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culture: Endearing Blunt packs sober message; James Blunt at Newcastle Metro Radio Arena.

Byline: Vikki White

FOR a performer with an eye for the melancholic, James Blunt certainly knows how to keep an audience happy.

The singer-songwriter treated his fans to a stunning vocal showcase as he swept through his 20-song set with a minimum of fuss.

The stage was pared down and the chat was non-existent. Every note was pinpointed perfection. Blunt, whose first album Back to Bedlam remains the biggest seller of the 21st Century, is an endearingly awkward stage performer, looking like a rabbit caught in the headlights on more than one occasion.

He was most at ease when he jumped off the stage and ran into the surprised audience.

No Bravery was the highlight and reduced the crowd to silence.

Spitting with anger, this powerful, harrowing track was accompanied by visuals of devastation in Kosovo, where Blunt served in the Household Cavalry in the days when he had a proper job.

The twenty-and thirty-something punters had turned up in full voice, and Wiseman, Goodbye My Lover and Billy provided the perfect opportunity for a feelgood singalong. Blunt sang about half of You're Beautiful, preferring to stare at his word-perfect audience with bemusement and awe.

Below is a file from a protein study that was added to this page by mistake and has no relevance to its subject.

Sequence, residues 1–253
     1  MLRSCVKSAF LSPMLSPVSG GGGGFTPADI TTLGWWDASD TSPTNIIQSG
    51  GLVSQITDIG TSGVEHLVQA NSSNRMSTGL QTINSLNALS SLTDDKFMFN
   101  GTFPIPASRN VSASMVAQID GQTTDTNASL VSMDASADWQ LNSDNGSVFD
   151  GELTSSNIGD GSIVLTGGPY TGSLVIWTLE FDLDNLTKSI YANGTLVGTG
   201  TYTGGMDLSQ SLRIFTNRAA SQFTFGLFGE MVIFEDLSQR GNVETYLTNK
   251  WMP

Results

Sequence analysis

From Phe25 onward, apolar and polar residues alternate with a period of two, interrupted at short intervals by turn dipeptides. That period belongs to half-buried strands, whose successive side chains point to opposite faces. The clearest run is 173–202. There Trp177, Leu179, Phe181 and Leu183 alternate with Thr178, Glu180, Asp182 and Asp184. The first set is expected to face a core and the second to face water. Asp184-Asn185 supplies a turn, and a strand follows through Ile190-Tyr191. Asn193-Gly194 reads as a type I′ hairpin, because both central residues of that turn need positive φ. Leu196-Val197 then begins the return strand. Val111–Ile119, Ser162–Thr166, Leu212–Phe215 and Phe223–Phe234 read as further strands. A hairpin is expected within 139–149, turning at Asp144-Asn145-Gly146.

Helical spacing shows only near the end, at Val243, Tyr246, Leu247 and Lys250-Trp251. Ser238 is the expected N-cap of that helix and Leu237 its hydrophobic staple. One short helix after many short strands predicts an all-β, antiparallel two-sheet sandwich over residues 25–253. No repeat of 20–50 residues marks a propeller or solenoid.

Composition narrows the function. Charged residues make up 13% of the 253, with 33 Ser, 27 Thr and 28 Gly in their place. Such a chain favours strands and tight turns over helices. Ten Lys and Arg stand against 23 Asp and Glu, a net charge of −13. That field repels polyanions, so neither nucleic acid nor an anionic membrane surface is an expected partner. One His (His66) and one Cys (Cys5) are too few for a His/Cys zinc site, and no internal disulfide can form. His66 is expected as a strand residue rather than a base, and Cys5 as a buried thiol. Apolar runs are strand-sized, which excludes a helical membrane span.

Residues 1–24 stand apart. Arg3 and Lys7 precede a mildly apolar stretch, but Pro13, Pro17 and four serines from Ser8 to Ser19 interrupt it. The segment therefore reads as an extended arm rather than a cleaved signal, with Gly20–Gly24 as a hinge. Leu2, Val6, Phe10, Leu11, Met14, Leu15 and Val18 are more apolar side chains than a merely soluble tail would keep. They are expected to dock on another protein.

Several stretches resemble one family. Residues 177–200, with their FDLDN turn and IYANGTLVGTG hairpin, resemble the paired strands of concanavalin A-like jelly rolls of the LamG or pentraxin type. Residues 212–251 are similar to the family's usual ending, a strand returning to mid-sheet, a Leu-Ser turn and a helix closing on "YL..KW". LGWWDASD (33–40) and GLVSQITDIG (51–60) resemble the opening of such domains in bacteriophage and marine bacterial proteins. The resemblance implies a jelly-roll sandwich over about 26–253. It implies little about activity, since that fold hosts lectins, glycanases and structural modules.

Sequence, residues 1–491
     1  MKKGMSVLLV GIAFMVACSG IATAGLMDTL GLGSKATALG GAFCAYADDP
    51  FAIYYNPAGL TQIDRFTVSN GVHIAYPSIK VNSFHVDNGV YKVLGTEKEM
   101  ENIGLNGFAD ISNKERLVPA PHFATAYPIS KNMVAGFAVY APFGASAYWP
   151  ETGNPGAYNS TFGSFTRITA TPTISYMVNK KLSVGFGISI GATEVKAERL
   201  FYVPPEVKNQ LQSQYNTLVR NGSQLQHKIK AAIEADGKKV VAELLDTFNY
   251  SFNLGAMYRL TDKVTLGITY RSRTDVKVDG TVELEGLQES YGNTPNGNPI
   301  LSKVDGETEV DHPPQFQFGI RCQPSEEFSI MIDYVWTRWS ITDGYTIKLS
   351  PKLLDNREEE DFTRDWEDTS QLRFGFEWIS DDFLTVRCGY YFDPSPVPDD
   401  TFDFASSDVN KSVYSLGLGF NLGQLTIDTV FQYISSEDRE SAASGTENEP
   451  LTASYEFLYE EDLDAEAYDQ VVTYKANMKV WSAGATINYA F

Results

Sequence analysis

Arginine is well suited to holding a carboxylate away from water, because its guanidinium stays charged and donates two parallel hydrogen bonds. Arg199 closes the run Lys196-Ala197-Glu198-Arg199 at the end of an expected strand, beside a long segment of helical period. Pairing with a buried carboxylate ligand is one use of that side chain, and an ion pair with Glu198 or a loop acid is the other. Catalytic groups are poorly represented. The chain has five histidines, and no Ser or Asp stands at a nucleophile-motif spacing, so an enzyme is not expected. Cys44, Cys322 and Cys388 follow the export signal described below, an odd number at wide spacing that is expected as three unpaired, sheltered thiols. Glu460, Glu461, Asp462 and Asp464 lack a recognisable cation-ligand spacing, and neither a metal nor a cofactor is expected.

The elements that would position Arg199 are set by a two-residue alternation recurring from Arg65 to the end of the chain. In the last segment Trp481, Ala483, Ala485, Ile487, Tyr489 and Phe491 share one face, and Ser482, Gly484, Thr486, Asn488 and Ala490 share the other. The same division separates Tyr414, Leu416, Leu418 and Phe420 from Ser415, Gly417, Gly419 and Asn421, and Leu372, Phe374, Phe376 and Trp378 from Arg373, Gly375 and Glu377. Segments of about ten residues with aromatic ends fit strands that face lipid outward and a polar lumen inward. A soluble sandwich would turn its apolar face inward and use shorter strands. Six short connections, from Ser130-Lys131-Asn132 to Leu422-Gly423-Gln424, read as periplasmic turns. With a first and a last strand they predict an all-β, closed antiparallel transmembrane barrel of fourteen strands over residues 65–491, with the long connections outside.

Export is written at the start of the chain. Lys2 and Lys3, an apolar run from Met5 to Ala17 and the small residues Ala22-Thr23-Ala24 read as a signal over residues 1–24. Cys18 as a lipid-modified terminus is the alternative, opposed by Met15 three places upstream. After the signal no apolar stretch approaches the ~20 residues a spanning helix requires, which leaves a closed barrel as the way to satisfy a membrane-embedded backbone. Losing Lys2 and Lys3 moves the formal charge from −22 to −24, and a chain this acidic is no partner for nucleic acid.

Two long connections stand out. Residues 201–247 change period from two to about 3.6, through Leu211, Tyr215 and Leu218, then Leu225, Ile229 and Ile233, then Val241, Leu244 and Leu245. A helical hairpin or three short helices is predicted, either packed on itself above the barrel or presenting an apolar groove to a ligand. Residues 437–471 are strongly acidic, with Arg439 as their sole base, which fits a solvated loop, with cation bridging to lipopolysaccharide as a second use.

Likeable new single Love, Love, Love came before the three-song encore: One of the Brightest Stars, So Long, Jimmy and 1973. Blunt had started his show looking rather like a schoolboy forced into his best clothes for a visit to the relatives. It didn't suit him.

Now scruffy and sweaty, he finally let loose on stage as well as off, surfing the piano and sliding across the floor.

Unashamedly sentimental? Well, yes. But also outstandingly talented.

This prolific popstar's first visit to the venue was a treat.
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Title Annotation:Features
Publication:The Journal (Newcastle, England)
Date:Oct 15, 2008
Words:282
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